TOKYO (Reuters) - Japan’s top steelmaker Nippon Steel & Sumitomo Metal Corp is bracing for a weaker steel market in Asia because the escalating Sino-U.S. trade war may crimp steel demand in top buyer China and in Southeast Asia, a senior executive said.
“The biggest uncertainty is how steel demand and the market in China and Southeast Asia will change,” Nippon Steel Executive Vice President Katsuhiro Miyamoto told Reuters in an interview last week.
“We expect steel prices in Asia to weaken in the second half (October to March) from the first half (April to September) , though Japanese market will likely stay solid on strong demand,” he said, referring the financial year that starts in April.
The world’s third-biggest steelmaker by crude steel output booked a 43 percent rise in net profit for the six months ending in September as its profit margins rose by 3,200 yen ($28.44) per tonne on higher product prices.
But the company assumes the margin improvement will drop to 2,000 yen for the year as steel prices in the rest of Asia are expected to drop in the six months between October and March versus the earlier six-month period, Miyamoto said.
Chinese futures prices for steel rebar used in construction have slipped 4 percent since the end of September to their lowest since July amid increasing uncertainties about global trade and concerns of slowing demand in China.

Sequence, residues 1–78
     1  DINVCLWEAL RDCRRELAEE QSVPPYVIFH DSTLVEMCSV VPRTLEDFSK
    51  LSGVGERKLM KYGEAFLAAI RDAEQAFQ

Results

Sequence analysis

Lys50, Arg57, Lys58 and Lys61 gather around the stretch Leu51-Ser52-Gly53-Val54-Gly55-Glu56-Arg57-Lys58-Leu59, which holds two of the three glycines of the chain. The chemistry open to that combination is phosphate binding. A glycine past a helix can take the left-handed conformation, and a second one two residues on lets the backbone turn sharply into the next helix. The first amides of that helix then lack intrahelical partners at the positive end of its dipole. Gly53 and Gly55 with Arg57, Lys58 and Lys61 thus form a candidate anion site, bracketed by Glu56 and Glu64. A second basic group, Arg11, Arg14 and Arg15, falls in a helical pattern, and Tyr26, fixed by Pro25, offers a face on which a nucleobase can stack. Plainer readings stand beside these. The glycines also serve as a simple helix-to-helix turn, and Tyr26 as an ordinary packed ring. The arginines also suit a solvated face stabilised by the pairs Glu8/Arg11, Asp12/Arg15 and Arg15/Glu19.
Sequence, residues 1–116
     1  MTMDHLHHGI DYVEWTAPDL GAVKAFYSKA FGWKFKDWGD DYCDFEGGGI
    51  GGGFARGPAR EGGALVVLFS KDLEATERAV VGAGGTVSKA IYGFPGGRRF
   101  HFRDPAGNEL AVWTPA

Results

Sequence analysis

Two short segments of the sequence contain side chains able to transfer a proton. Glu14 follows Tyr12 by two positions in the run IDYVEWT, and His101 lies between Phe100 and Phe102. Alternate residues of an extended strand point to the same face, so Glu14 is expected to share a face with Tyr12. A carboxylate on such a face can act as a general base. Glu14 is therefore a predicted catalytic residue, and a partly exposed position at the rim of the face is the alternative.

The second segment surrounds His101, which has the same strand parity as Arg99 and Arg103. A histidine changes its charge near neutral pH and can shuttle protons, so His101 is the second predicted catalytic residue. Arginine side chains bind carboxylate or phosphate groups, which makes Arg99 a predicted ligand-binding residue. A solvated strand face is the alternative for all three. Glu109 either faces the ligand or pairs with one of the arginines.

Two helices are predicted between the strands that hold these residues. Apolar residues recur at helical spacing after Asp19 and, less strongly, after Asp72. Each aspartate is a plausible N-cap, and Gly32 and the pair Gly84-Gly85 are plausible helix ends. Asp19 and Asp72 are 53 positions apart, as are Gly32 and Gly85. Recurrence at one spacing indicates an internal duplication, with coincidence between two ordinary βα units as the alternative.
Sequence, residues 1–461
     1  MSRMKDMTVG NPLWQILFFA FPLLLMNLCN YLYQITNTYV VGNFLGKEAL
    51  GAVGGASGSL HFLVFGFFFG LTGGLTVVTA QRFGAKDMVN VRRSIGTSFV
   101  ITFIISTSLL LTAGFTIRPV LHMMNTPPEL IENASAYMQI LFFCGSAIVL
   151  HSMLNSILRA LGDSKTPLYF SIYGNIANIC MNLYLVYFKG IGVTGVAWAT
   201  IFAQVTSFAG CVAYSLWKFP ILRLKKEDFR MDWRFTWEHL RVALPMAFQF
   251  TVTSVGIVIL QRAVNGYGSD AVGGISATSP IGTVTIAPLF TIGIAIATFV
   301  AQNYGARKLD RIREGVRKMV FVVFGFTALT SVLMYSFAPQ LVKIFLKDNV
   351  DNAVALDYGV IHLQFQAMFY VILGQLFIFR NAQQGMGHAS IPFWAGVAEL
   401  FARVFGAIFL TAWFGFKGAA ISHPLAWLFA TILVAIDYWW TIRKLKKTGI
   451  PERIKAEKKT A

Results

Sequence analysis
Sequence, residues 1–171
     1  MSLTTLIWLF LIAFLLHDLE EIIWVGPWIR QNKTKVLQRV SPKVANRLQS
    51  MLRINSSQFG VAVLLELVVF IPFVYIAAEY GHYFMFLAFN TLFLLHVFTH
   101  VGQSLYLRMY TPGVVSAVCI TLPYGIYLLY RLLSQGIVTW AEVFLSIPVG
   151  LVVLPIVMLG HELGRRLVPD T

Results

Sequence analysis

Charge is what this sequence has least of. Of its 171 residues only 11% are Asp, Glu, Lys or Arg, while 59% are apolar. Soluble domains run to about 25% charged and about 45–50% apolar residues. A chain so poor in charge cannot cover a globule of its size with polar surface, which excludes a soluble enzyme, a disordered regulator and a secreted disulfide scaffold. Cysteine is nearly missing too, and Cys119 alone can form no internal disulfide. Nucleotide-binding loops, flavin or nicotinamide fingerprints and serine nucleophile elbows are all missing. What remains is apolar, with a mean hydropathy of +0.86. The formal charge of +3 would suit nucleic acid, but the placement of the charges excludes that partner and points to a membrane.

“The U.S.-China trade friction has had limited impact so far on the global steel market due to healthy demand in China and other areas, but if the Chinese economy weakens and China boosts steel exports to Southeast Asia, it will certainly have an impact,” he said.
Japanese steelmakers are enjoying solid domestic demand from automakers and machinery manufacturers as well as the construction sector, which is busy with projects for the 2020 Tokyo Olympics.
But natural disasters and glitches at their ageing facilities have prevented them from producing as much steel as they had planned.
Nippon Steel trimmed its annual crude steel output forecast to 42.1 million tonnes this month from its August prediction of 43.3 million tonnes, blaming heavy rains and system troubles.
Miyamoto pointed to a combination of factors behind the glitches including generational turnover among the company’s engineers and the higher load on its facilities to make advanced products.
“We have created a team of experts who goes around our factories and gives technical guidance,” Miyamoto said, adding an integrated facility management system, completed in April, should also help it improve systematic maintenance.
The steelmaker aims to produce 11 million tonnes in crude steel each quarter in the next business year and is sticking to its target of annual output of 45 million tonnes in the year to March 2021, Miyamoto said.
Reporting by Yuka Obayashi and Yoshiyasu Shida; Editing by Christian Schmollinger